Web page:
Throughout the history of mankind civilizations have trusted in the existence of a higher power. Although the existence of a higher power doesn’t bear as large of an impact on societies like the United States today, it was the focal point of life in many civilizations of the past. A great example of a civilization that was extremely reliant on the connection between humans and higher powers was the Aztecs. The Aztecs believed that they were connected to the universe by a sacred energy. They believed this energy was the source of all natural events and if it were unbalanced, they would suffer. In order to maintain the balance, the Aztecs performed ceremonial sacrifices, bloodletting, and other forms of violent cultural behavior.
The connection between the Aztecs and the universe is evident among their myths about how humans were created. One creation myth is the story of the goddess Tlaltecutli. In the story Tlaltecutli was ripped apart by the gods Quetzalcoatl and Tezcatlipoca and her body parts were used to create the earth and the other gods. This event caused Tlaltecutli to desire human hearts and she would not be quiet until they were brought to her. Nor would she bear fruit until she had been drenched in human blood. (AD1, p. 2) Another creation myth, and the most common legend amongst the Aztecs, was that the god Quetzalcoatl descended into the underworld and retrieved the bones and ashes of previous human beings in order to recreate humanity because the universe had been destroyed after the fourth Sun went out. Quetzalcoatl ground the bones into powder and used his blood to fertilize it and create humans. (AD1, p. 4) The Aztecs also had a myth that explained how the Sun and moon were created. According to legend, the gods Nanautzin and Tecuziztecatl sacrificed themselves by jumping into a fire, which turned them into the Sun and moon. The other gods also sacrificed themselves to provide nourishment for the Sun. However the Sun and the Earth still had an insatiable craving for human blood, therefore war was created to satisfy the Sun’s needs. (AD1 p. 5) What’s interesting about these creation myths is that they all included some form of death, sacrifice, or blood shed in order to create something. The creation myths shaped the foundation for why Aztecs placed so much emphasis on violent cultural behavior.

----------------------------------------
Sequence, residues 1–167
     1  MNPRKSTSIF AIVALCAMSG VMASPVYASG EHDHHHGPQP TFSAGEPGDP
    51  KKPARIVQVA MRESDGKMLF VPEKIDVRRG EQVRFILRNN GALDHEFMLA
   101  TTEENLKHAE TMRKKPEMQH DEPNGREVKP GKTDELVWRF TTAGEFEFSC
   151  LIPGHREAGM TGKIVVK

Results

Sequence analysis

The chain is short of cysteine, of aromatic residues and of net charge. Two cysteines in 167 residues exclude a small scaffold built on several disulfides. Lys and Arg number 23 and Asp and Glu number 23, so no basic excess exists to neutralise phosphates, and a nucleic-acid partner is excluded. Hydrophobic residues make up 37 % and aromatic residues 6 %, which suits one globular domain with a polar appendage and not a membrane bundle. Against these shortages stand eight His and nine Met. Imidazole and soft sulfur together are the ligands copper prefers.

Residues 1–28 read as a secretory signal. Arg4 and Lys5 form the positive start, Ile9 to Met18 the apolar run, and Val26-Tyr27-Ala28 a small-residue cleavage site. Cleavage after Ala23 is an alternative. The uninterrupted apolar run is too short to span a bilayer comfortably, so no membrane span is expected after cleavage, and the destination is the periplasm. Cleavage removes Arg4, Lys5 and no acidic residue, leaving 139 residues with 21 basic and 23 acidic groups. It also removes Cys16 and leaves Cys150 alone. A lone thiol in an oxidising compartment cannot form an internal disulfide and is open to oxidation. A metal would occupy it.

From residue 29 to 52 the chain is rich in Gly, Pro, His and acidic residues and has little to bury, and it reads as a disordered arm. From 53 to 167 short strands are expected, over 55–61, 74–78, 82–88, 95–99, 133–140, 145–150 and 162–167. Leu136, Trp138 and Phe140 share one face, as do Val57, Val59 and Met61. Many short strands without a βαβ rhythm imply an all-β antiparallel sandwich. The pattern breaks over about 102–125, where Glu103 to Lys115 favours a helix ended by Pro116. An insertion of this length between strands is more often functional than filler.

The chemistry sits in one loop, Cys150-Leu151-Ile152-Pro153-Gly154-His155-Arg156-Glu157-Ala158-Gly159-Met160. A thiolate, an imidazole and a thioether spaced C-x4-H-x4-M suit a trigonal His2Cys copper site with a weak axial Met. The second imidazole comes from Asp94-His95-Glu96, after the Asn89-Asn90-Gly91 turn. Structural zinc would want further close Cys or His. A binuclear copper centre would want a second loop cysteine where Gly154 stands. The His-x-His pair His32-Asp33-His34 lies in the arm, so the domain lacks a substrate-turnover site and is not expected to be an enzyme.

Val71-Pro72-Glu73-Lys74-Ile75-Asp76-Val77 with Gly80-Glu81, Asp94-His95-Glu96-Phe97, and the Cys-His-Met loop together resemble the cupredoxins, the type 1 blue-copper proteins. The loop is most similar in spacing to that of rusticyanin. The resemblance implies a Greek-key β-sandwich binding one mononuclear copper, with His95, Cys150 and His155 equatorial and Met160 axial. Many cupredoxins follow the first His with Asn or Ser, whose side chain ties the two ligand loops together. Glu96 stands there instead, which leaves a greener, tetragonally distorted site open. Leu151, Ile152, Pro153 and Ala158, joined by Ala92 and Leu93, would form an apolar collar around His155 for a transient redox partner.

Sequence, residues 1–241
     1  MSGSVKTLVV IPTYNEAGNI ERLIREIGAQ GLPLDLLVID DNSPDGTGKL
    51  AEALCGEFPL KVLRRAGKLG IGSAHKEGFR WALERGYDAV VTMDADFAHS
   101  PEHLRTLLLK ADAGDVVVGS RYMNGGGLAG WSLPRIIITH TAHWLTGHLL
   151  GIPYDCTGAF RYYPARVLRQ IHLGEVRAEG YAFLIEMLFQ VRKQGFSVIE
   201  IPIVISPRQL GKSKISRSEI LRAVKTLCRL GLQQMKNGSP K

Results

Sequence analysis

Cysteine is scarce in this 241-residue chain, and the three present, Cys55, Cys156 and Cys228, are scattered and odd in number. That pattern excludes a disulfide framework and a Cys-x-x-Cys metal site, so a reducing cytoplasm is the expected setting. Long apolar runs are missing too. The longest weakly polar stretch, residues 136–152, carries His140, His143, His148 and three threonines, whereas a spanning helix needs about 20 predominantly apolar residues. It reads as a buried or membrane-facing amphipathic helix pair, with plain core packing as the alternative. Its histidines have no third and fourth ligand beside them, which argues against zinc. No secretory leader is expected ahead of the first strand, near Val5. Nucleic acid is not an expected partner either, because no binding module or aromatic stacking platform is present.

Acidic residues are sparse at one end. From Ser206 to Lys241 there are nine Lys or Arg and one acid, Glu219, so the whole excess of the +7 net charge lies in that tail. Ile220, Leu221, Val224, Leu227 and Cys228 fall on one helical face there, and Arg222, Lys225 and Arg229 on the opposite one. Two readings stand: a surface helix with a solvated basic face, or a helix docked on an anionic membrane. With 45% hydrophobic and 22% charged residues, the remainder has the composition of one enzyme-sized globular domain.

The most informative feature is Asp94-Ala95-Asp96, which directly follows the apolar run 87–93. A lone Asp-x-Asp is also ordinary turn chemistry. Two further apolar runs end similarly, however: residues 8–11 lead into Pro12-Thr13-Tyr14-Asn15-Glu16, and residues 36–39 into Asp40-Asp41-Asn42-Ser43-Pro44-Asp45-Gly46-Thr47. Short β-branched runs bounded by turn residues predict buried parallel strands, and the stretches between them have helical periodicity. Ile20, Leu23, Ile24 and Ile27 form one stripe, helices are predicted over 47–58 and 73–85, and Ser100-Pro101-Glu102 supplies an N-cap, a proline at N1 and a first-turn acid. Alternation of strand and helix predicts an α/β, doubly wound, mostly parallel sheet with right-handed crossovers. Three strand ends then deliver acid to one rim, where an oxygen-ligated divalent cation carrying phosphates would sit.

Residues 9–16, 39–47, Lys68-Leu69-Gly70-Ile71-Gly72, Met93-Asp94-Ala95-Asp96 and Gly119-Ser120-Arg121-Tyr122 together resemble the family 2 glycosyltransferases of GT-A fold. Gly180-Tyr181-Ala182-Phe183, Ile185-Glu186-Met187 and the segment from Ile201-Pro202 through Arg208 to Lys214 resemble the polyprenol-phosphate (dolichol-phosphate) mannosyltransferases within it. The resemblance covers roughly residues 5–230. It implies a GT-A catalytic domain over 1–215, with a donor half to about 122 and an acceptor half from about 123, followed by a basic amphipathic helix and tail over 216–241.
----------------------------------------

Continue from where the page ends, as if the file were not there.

In the Aztec society, human sacrifice was extremely common. This is because sacrifices were the main method of creating cosmic order between humans and the universe. Pubic sacrifices took place at the beginning of each of the 18 twenty-day months. The sacrifices consisted of mostly captured warriors, but in rare cases included children and young women. The purpose of public sacrifice was to acquire the divine forces embedded in the physiology of human beings in order to nourish the Sun, Earth, and rain. (AD1, p. 5) Aztec ceremonies consisted of days of ritual preparation, ceremonial sacrifice, and acts of nourishing the gods and the community. Priests carried out the sacrifices, which included many forms such as decapitation, burning, hurling from great heights, strangulation, and arrow sacrifice. The most common was the removal of the heart. The heart and the head were the two most important body parts to the Aztecs. Tonalli was a type of energy that came from the head and determined the shape of one’s temperament and destiny. Tonalli was first acquired as an embryo in a female uterus. The Sun was the most powerful way to increase tonalli. It was believed that hair prevented tonalli from leaving the body. Therefore hair was a major prize in warfare. When heads were decapitated during ceremonies, the city as a whole gained tonalli. Teyolia, or “diving fire”, was the energy that came from the heart and determined a person’s sensibilities and thinking patterns. When a person died his or her tayolia traveled to the world of the dead, or “sky of the Sun”. Tayolia gives energy to the Sun, which is why heart...
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